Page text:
Latest WhatsApp beta brings more backgrounds, refined fonts and fixed Broadcast

WhatsApp is in many ways the go-to messaging app for many these days. Even more so after its momentous purchase by Facebook, who released their own highly-acclaimed messaging app this week.  

We’ve been covering the beta recently, showing you what’s in store for the upcoming public release. Since our last coverage, there have been a few updates, including one just this morning bringing it to build 390.

No new features have been included in this update, though Broadcasts returns after being pulled in an earlier release. It now has a more detailed instructions screen. Here are some other changes:

  • More background chat images – previously there were 6, now there are 41 HQ images
  • Contact font reduced – In chats, the name of the contact you are conversing with is much smaller now, taking up less screen space and giving more room to the chat

That’s on top of the already completed Media AutodownloadCustom notification sounds, new Privacy settings, background image support, and a redesigned Settings page.

From that perspective, it looks like the WhatsApp team is tidying up things before the big public release. There’s no indication of when that will happen, but we can’t imagine it’s too far off as the last update was way back in January when build 356 was published. Having said that, there’s no sign of inbound VOIP abilities or the ability to attach pre-recorded MP3s from one’s music library.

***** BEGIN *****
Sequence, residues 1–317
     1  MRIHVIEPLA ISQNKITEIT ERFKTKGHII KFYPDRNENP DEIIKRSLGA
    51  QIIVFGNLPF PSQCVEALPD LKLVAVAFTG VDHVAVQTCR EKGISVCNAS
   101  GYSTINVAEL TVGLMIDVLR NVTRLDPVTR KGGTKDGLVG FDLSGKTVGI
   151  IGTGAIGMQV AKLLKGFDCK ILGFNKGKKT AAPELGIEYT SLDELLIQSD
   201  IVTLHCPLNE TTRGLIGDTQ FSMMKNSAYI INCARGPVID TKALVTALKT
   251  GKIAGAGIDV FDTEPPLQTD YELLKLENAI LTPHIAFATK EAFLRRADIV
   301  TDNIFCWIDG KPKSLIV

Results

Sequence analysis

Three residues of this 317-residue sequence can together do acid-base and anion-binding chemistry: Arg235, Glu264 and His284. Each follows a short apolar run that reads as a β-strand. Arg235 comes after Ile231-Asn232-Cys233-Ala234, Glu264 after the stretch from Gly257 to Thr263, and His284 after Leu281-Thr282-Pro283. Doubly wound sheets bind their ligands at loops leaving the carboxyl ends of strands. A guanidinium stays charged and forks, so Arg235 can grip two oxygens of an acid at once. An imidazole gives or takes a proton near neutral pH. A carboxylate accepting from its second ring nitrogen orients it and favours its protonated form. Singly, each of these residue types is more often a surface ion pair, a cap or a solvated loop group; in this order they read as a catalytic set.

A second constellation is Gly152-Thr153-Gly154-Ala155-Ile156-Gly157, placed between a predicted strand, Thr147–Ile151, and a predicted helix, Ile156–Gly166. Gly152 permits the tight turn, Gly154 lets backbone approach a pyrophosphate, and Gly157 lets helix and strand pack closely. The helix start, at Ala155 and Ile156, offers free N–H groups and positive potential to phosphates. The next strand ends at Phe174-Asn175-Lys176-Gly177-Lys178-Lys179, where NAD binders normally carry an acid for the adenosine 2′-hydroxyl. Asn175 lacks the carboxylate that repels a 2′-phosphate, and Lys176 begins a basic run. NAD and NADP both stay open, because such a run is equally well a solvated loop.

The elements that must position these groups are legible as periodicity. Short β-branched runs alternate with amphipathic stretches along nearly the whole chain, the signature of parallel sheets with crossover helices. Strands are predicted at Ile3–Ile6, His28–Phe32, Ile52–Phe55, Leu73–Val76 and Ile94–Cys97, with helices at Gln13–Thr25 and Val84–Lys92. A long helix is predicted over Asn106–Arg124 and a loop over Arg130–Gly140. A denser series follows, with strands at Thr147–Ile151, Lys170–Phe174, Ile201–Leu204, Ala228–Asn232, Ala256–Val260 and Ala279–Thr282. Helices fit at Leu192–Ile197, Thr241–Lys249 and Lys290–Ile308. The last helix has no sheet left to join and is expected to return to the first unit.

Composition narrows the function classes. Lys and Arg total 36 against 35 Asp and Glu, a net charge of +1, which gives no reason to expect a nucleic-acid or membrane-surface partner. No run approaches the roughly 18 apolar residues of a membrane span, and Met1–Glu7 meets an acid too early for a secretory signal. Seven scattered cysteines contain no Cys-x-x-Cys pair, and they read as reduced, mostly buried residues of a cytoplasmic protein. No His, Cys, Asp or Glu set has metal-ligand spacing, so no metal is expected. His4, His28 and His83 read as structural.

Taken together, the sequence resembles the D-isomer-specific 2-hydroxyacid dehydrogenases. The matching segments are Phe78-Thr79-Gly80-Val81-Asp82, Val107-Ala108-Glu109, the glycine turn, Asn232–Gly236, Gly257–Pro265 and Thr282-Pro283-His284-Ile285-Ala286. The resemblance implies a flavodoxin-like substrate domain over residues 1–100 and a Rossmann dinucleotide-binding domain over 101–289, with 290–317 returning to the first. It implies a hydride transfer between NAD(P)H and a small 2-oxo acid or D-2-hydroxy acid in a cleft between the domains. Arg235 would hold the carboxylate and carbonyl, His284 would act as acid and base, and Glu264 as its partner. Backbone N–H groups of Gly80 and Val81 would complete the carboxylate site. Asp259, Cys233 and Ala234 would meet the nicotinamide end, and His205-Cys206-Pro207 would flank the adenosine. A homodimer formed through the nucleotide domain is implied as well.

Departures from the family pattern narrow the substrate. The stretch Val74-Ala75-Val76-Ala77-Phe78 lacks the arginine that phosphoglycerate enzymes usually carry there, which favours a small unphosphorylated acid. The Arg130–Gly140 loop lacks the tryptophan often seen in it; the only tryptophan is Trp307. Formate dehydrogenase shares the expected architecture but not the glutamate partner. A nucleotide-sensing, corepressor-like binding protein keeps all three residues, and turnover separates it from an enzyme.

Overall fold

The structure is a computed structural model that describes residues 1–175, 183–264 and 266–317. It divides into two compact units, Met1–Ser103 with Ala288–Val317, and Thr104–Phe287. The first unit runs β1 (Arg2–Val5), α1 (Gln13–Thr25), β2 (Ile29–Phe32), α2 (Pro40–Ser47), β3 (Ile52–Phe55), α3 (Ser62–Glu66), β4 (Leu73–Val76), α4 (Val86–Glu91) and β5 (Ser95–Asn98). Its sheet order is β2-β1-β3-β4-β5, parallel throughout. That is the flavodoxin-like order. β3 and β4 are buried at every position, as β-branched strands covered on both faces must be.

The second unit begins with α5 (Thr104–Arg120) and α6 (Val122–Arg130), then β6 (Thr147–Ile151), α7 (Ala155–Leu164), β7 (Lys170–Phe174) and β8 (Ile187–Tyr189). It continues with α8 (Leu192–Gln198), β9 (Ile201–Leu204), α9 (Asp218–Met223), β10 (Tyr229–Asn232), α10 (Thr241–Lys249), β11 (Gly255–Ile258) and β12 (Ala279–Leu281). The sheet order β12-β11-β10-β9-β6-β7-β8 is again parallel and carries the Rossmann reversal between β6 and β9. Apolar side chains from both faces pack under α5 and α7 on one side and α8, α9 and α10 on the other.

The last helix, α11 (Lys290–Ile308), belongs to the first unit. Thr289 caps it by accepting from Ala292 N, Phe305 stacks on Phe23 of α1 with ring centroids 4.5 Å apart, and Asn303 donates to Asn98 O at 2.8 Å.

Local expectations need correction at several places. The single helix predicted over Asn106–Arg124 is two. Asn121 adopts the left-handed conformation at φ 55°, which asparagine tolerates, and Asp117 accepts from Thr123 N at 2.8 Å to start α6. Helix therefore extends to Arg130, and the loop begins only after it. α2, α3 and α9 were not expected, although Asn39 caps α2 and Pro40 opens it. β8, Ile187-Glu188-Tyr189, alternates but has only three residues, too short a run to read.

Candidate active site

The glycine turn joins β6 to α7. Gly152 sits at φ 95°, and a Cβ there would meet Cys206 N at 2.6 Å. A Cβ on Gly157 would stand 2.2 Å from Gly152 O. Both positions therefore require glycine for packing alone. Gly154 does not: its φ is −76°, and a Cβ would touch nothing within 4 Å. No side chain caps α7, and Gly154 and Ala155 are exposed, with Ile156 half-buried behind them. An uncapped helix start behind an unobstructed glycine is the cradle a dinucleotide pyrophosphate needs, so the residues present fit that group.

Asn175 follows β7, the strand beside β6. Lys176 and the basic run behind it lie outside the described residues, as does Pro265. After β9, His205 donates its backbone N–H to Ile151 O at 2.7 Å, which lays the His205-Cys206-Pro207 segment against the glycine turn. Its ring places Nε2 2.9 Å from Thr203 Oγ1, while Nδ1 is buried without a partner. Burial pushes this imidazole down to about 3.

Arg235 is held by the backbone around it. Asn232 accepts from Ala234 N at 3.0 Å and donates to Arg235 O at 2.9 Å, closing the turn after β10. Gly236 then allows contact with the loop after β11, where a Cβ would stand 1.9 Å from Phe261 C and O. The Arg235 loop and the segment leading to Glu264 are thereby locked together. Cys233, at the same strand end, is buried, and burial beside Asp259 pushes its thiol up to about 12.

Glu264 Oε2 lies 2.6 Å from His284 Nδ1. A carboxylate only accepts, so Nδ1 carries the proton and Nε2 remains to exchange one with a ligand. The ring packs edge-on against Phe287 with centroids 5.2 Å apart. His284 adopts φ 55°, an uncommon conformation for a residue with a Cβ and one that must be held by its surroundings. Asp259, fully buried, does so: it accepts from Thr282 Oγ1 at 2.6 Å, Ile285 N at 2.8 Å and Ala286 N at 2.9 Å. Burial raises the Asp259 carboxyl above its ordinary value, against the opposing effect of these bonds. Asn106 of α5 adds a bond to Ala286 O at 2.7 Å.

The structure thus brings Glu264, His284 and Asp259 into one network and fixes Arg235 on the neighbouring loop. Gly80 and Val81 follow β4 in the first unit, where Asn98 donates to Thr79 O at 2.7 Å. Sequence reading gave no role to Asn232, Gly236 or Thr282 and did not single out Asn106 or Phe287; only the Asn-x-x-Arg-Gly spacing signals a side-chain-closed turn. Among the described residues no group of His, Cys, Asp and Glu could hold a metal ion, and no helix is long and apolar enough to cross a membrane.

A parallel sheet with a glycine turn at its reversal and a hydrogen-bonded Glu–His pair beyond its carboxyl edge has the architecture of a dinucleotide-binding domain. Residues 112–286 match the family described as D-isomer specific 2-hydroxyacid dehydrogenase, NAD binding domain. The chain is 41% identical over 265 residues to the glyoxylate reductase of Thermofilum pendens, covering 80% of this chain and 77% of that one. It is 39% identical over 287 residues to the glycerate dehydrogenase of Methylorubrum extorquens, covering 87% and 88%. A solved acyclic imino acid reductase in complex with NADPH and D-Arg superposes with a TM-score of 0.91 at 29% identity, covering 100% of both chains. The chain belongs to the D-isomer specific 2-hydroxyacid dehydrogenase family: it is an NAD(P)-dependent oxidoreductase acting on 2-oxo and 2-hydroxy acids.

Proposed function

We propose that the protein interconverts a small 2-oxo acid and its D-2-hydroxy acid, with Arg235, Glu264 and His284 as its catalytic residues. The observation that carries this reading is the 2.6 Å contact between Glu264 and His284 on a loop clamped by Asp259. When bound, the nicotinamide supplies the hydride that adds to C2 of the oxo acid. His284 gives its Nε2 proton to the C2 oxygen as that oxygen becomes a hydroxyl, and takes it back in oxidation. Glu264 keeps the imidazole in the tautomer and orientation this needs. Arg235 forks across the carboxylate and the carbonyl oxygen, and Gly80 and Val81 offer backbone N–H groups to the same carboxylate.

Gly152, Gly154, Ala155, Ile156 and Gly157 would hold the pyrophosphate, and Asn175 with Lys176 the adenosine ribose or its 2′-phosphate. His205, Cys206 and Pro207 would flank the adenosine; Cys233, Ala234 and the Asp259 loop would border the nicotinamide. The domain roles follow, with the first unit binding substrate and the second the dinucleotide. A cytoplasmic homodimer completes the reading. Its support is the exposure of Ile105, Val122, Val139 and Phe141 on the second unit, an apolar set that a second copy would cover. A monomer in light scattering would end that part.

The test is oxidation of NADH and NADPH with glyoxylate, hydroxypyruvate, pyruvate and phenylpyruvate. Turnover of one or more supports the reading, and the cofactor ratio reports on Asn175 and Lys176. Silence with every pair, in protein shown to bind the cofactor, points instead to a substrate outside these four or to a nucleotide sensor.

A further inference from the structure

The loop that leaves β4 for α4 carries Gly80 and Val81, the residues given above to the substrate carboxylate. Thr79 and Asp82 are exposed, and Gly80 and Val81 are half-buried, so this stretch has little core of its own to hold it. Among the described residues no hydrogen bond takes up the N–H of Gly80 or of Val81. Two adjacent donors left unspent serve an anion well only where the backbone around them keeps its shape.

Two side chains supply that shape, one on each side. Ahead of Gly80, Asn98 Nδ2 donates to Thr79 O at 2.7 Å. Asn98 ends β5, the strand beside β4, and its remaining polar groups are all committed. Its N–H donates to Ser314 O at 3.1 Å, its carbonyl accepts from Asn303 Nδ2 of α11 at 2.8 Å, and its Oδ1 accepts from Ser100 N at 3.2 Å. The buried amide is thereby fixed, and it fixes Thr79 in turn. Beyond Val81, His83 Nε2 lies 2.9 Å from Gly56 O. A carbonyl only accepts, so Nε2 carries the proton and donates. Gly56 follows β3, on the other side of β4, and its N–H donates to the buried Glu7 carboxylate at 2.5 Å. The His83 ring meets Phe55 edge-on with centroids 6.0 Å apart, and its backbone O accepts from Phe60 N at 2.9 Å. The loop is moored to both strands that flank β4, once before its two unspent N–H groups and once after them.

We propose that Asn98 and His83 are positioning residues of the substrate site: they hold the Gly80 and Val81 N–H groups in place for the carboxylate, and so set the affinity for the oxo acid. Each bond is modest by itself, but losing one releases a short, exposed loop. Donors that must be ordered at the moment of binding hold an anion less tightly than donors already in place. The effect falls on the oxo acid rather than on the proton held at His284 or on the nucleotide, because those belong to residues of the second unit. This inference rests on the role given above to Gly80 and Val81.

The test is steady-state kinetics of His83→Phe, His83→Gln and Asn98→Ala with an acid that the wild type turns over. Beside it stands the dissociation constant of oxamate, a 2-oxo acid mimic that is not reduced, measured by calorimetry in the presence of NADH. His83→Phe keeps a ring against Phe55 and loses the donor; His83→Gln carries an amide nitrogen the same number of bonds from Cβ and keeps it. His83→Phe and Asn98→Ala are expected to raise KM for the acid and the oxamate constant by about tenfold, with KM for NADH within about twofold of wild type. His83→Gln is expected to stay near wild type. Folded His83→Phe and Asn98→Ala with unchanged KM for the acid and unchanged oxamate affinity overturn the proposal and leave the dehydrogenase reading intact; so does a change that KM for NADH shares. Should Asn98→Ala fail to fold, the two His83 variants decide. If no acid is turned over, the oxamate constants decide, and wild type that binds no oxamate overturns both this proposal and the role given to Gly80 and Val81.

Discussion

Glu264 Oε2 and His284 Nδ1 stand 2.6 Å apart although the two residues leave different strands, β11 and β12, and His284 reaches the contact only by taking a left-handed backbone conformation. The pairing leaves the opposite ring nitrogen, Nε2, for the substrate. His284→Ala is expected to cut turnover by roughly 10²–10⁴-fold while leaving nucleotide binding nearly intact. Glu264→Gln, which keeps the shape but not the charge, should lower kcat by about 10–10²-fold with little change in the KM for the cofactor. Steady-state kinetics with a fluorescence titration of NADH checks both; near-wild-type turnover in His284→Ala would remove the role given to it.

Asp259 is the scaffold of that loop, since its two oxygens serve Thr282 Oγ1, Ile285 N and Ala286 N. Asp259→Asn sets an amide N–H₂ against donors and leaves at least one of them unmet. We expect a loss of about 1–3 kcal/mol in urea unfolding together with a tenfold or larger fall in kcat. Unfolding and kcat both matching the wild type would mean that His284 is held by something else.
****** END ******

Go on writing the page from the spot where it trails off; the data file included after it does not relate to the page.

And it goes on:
What do you think of the new WhatsApp features that are coming? Will it solidify their ranking as a top messaging app for Windows Phone?

Note: WhatsApp beta is a private beta, so we are not sharing the link as it would not work for any non-listed members. There currently is no public way to sign up for the beta, so please don't ask.

Daniel Rubino

Daniel Rubino is the Editor-in-chief of Windows Central. He is also the head reviewer, podcast co-host, and analyst. He has been covering Microsoft since 2007, when this site was called WMExperts (and later Windows Phone Central). His interests include Windows, laptops, next-gen computing, and watches. He has been reviewing laptops since 2015 and is particularly fond of 2-in-1 convertibles, ARM processors, new form factors, and thin-and-light PCs. Before all this tech stuff, he worked on a Ph.D. in linguistics, watched people sleep (for medical purposes!), and ran the projectors at movie theaters because it was fun.